Caveats:  I might be entirely wrong in my calculations and I might be missing some subtlety in making this calculation.

72,

Chas - NK8O

On Apr 17, 2019, at 8:29 AM, WA4EFS <himself@...> wrote:

Several posts have referred to the RF power output of QRP rigs including the Hilltopper, the relation to amplifier class, or to final transistor quality, etc.  I am curious as to how power is being measured or assessed in relation to various reports.
 
Thanks and 73, 
-Lloyd


Re: Measuring power

chuck adams <chuck.adams.k7qo@...>
 

You can save a few steps on the calculator by using  P = V_pk^2/100 for a 50 ohm load.
Always saves my bacon on a calculator.  Formula works only for 50 ohm load.

You can get the above formula from yours below by replacing  0.707/2 by  1/sqrt(2),
thus (0.707/2)^2 = 1/2 and (1/2)/50 = 1/100.  For those that missed that day of
class.  :-)

FYI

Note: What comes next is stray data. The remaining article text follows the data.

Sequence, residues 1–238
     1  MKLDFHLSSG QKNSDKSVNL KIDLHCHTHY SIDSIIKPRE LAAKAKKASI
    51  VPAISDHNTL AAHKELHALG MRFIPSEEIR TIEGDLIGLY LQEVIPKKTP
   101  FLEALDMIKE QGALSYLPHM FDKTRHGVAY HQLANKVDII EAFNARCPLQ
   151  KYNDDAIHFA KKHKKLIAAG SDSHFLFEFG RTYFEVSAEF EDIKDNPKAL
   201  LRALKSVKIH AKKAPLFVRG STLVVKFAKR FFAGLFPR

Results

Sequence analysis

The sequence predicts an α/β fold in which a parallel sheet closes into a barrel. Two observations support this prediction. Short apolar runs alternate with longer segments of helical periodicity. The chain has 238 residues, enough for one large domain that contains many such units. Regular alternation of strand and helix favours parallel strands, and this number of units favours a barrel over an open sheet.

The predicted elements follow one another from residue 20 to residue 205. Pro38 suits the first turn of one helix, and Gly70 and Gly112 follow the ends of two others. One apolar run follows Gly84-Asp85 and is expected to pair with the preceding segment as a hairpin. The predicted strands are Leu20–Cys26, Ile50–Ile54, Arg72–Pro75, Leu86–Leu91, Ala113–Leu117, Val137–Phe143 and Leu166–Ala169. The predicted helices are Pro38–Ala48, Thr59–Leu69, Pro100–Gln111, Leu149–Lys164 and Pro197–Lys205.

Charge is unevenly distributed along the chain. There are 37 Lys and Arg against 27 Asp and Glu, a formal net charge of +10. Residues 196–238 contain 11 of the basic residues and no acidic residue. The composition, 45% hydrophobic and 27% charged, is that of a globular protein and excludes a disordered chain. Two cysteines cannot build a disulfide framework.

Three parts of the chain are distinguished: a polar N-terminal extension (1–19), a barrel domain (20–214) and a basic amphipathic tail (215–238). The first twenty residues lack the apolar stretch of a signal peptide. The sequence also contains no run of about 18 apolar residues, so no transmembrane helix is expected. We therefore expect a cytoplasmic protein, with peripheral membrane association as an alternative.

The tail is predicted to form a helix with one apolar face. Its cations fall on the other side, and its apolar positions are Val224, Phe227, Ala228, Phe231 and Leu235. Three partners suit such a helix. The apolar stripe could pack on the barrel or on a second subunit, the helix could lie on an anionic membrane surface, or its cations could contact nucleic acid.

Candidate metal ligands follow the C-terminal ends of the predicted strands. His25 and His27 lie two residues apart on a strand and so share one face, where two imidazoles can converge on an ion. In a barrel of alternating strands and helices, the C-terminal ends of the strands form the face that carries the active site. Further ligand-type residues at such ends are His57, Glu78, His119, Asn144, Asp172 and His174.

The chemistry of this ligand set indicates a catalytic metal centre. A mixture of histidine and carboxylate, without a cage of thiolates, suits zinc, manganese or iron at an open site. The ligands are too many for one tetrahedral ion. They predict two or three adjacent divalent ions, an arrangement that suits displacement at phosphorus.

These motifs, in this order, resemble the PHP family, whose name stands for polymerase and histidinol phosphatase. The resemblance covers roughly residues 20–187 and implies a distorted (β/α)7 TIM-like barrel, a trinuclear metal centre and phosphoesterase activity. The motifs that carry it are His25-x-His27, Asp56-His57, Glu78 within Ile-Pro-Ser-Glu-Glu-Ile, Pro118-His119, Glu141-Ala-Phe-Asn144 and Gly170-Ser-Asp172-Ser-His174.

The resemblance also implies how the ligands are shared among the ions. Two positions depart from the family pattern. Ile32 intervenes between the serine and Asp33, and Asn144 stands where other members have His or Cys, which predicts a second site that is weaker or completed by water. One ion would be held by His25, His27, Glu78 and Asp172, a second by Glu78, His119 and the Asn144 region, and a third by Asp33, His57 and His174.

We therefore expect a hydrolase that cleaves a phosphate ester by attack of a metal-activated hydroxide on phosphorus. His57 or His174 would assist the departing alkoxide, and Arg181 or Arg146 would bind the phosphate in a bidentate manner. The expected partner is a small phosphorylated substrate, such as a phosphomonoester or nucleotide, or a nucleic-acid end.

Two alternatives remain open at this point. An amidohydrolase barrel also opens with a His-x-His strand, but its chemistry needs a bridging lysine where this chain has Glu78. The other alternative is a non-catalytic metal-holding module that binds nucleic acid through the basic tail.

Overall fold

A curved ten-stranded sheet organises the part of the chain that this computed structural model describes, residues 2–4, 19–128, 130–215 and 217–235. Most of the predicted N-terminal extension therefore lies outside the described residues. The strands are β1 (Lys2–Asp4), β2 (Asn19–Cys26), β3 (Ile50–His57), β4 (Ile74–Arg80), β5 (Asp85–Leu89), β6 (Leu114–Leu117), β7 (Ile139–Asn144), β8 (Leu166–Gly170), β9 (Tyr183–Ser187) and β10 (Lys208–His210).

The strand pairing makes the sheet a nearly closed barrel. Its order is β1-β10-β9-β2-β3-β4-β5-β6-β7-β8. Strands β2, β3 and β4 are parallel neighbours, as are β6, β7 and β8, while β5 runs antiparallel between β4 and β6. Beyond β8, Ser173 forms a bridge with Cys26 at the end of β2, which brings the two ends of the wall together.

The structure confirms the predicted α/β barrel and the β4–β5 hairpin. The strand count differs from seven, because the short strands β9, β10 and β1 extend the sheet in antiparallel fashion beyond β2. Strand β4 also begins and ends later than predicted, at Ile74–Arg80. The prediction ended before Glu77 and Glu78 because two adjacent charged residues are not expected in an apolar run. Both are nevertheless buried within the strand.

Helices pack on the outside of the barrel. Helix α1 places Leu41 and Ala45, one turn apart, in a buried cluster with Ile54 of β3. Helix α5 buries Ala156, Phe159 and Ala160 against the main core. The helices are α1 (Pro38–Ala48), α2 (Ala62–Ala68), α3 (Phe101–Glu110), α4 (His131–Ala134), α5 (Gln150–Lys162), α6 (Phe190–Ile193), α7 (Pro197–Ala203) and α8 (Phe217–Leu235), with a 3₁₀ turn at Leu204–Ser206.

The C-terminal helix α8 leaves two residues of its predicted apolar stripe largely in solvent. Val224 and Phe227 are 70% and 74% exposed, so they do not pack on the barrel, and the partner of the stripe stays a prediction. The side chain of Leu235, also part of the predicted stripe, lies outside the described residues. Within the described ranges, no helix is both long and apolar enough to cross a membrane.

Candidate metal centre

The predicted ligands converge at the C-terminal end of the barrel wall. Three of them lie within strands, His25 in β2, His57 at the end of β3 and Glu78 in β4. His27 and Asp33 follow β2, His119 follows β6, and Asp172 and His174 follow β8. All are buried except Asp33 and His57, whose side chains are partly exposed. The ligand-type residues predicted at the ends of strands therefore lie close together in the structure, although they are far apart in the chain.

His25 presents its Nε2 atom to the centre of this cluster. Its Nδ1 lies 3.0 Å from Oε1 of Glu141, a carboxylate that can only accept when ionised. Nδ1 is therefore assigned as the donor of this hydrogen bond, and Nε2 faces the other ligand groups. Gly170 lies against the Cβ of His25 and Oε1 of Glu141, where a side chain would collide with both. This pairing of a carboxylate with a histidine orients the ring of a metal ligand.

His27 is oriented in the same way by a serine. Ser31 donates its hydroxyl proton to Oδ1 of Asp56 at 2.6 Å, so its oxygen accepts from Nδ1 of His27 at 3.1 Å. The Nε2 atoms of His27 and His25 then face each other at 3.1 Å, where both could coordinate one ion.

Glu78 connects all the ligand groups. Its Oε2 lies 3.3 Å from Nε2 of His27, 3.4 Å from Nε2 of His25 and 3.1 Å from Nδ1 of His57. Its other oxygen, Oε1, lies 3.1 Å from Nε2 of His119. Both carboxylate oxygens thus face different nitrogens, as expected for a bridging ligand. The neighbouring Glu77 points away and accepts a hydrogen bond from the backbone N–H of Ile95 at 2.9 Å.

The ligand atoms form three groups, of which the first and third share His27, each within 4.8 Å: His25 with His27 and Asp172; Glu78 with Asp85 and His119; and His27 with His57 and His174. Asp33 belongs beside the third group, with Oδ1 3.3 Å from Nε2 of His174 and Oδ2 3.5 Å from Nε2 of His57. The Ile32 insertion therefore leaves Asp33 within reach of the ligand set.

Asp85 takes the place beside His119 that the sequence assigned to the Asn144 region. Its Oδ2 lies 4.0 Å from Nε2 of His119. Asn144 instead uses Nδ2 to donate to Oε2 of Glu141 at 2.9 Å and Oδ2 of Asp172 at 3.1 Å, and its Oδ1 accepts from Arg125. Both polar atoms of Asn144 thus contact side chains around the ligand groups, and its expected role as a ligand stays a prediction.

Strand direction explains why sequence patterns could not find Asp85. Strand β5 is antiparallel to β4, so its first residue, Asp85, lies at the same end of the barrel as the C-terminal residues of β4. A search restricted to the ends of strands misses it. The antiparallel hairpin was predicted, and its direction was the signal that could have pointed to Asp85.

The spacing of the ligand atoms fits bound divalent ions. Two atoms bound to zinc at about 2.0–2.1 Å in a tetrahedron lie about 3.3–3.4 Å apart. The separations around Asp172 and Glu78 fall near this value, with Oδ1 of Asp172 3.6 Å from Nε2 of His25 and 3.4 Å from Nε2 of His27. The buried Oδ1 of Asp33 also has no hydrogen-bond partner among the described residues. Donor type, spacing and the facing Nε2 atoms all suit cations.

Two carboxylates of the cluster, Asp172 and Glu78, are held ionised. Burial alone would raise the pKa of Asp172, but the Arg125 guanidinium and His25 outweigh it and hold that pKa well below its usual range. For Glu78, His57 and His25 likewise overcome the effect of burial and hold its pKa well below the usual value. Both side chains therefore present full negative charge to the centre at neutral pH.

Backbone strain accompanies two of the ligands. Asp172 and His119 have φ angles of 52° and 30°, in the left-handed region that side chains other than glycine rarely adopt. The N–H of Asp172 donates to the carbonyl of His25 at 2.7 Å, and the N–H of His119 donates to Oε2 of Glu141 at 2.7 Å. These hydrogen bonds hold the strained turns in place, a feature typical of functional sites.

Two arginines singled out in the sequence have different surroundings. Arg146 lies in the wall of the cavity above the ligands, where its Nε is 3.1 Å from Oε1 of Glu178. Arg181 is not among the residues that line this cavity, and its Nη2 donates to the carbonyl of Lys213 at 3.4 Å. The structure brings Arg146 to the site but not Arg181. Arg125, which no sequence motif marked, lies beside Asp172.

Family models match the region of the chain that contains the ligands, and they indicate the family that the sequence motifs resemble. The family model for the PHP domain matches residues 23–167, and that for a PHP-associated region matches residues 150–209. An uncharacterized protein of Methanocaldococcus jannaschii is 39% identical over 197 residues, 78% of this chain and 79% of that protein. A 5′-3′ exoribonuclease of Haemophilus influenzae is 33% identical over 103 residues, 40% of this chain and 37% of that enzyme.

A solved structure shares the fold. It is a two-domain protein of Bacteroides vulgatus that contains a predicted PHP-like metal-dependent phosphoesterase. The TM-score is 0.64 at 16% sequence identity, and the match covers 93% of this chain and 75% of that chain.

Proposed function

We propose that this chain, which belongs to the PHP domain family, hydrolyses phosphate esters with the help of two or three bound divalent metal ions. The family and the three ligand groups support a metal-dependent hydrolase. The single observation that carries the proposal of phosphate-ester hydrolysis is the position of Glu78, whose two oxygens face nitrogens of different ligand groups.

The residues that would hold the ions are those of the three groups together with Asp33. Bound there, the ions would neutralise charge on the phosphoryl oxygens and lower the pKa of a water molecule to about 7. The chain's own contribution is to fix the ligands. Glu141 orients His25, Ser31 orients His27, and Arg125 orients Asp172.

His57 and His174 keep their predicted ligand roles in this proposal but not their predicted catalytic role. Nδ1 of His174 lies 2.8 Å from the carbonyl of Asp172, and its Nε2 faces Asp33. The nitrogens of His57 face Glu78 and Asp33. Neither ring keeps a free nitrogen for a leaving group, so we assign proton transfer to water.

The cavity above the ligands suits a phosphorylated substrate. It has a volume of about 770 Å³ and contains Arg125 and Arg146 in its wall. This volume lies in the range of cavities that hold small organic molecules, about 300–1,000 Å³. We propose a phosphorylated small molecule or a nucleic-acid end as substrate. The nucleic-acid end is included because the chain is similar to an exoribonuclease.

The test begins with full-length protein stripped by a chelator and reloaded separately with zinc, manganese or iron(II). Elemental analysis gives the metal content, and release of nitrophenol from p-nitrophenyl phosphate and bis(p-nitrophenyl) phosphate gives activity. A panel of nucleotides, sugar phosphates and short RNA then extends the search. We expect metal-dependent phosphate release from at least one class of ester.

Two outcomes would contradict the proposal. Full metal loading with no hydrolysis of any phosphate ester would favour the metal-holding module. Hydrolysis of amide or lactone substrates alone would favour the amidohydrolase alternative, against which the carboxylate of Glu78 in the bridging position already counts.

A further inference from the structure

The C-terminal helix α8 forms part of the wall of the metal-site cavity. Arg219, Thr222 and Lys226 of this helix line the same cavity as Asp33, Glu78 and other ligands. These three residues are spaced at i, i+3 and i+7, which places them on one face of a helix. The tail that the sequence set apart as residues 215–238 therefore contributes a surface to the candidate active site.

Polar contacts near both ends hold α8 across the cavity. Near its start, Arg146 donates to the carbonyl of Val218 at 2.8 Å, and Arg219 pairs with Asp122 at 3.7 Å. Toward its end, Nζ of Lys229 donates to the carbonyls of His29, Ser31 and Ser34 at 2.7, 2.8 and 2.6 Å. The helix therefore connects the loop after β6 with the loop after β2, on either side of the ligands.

chuck, k7qo


On 4/17/19 7:03 AM, Charles W. Powell via Groups.Io wrote:
Lloyd,

I don’t know about anyone else, but I am measuring power on mine, key down, using a 50 ohm dummy load, and connecting my high impedance oscilloscope leads across the load.  The scope is a a Siglent 200 mHz scope, so it is measuring far away from the rolloff.  Using the peak-to-peak voltage, I make my calculation by deriving the RMS voltage, then using RMS-squared/resistance.  So with about 13.4 DC volts input, my peak output voltage on the HT-20 was 52 volts.  ((52 * 0.707/2)^2)/50 = 6.8 watts into 50 ohms.  I get approximately the same readings with my MFJ tuner’s power readout and also my QRP-o-meter, although I don’t expect those to be nearly as accurate.

Caveats:  I might be entirely wrong in my calculations and I might be missing some subtlety in making this calculation.